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Q&A: Why Are My Eyes Watering?

The Problem of Too Many Tears (Epiphora) 

by Thomas Fitzsimmons, MD, MPH

 

Q. Tears are always running down my face right after I wake up, or when I go outside, or when it is cold.  Sometimes it is constant.  What is going on?

A. More than likely, you are producing the normal volume of tears, but the drainage of tears away from the eye is being blocked.  When that happens, tears can overflow and drain down the side of your nose or from of the outer corner of the eye.

Q. My eye is not leaking? 

Actual leakage from the eyeball is fortunately a rare occurrence, and usually preceded by serious trauma to the eye or recent intraocular surgery.

Q. What causes of excessive tears?

Excessive tearing can occur when tears are prevented from draining normally, or you are actually producing an abnormally high volume of tears.  In my experience, it is the first scenario that is more common.  Tears are made in a gland under the upper eyelid, and then flow over the eye.  They drain through small canals in the inner corner of the eyelids and then into the nose.  This is why you often see people blowing their noses if they have been crying — it is a demonstration of how tears normally flow into the nose.

Q. Why do we need tears, anyway?

A. To keep the cornea clear, to achieve good vision, and to moisturize delicate structures around the eye.

Q. So, what do I do if I have excessive tears?

A. Your eye doctor will be able to examine for possible reasons that you might be producing too many tears, such as having eyelashes rubbing in the wrong direction against the eye, or tiny crystal particles called concretions that can develop on inside of the eyelids and scratch the eye.  If the tear drainage holes (puncta) are not touching the eye because of the eyelids are too loose, tears can overflow.

Q. My eyes are always watering, but my doctor said that I have dry eyes and told me to use artificial tears.  This does not make sense. 

A. It does seem paradoxical, but some people speculate that when the eyes sense that they are too dry, they send a signal to the brain, which then sends a signal back to the tear gland to produce more tears.  I have found that this situation is relatively uncommon, and that the more likely case is that you are producing a normal volume of tears but they simply are not draining properly –a plumbing problem, if you will.

Q. My doctor said that my eyelids are in good position.  What else could be happening?

A. An office procedure called nasolacrimal irrigation can often determine if there is an obstruction to outflow.  It is a quick procedure, but your insurance company might require preauthorization to do it.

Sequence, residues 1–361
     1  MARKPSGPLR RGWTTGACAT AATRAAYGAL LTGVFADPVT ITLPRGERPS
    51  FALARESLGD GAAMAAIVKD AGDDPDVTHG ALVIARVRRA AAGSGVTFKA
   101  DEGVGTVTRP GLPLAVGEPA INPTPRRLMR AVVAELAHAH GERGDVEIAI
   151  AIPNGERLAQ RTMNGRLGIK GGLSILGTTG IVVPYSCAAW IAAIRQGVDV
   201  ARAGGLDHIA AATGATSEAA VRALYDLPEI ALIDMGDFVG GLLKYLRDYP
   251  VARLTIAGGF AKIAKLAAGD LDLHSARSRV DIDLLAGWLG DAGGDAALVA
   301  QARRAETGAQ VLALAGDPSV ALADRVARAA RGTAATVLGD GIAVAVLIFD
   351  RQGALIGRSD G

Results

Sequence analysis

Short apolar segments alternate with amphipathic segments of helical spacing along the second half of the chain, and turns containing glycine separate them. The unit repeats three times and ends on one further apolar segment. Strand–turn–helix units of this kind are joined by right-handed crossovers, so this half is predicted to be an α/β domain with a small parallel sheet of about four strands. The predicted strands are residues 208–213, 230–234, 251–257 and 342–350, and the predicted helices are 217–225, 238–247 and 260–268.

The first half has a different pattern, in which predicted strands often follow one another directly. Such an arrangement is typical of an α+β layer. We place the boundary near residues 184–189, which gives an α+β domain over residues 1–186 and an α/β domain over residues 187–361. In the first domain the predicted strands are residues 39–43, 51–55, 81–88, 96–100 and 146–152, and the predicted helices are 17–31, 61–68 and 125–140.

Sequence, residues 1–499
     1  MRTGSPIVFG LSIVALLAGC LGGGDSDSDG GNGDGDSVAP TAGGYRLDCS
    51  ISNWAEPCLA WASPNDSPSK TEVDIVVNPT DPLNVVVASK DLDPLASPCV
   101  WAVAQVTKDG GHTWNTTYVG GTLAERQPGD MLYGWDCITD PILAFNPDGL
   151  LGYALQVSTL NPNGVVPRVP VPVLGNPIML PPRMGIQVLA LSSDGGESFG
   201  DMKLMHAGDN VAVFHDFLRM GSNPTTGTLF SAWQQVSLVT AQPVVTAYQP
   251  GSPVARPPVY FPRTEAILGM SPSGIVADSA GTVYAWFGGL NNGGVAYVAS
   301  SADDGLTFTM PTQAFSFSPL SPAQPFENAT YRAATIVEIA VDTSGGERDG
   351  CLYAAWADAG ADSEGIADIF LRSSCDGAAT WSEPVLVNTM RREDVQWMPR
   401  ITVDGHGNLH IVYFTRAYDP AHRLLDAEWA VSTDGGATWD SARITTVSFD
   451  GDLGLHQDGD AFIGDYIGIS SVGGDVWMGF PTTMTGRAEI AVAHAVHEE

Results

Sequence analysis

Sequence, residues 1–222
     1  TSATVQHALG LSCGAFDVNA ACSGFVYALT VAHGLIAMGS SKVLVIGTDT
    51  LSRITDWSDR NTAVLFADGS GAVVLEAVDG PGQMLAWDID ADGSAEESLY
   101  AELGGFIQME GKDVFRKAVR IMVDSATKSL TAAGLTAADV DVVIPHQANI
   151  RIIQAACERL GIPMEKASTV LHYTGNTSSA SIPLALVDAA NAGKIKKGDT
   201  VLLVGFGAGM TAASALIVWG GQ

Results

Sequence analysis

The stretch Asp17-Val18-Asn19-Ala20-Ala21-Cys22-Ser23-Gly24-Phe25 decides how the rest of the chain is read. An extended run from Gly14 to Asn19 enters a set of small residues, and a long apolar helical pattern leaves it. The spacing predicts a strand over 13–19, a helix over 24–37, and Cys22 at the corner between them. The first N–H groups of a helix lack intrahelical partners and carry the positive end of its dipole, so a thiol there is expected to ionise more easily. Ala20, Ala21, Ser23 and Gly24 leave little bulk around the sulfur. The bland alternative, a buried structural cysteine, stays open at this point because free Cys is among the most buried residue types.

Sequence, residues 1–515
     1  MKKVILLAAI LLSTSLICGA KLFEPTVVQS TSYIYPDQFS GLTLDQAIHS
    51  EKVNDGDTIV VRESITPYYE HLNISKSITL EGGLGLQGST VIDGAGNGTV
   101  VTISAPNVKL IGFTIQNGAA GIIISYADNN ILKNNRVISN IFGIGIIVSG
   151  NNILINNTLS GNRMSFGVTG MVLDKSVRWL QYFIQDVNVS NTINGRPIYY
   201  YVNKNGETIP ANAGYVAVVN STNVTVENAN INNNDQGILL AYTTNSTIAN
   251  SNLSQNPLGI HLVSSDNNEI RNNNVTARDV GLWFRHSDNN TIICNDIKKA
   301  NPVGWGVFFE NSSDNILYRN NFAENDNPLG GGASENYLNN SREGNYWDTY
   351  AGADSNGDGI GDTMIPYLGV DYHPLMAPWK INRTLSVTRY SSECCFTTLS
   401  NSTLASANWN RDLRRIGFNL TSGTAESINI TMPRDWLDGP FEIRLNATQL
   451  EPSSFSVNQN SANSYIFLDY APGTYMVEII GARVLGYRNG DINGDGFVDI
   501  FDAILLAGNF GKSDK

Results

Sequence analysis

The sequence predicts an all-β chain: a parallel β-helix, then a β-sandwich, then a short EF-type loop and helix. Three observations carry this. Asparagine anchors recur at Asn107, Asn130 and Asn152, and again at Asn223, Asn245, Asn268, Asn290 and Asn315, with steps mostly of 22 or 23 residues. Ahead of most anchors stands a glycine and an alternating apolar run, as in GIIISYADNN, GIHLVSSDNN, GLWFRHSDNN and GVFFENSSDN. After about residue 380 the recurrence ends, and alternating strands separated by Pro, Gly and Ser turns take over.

Q. What happens when you find out that there is a blockage in the duct… Can I just take a pill or use some drops to unblock things?

A. Unfortunately, we do not have any medicines that will unclog the drain, so to speak.  There are surgical procedures, however, that can create a new passageway between your tear drainage system and the nose.

Q. Do have to stay in the hospital if I have the operation?

A. In the vast majority of cases, you are able to go home the same day, without any patches.

Q. What happens if I have tearing and there is a blockage of the nasolacrimal duct, but I do not want surgery?

A. Your main risk is that because tears are not flowing the way they are supposed to, bacteria can collect and grow in the area of blockage and cause a serious infection.  You can recognize it as an area of redness and painful swelling in the corner of the eye near the nose — it is not subtle.  I often tell people at risk for this condition to seek medical help promptly if it occurs, rather than waiting a day or two to see if it gets better on its own, because it usually responds to antibiotics.

Q. My child has been having excessive tearing problems since birth.  Are things the same as with adults?

A. In many children, a valve in the tear drainage system fails to open which prevents the normal flow of tears.  They will often literally outgrow the problem and open up the lacrimal passageway with time.  If that does not happen, a probe can be passed through their natural drainage system and open up the passageway.  It is a fairly quick procedure, typically done in the operating room, and quite successful in children under the age of two years.  Unfortunately, the effectiveness of the procedure decreases over time and is not usually as successful in adults.

 

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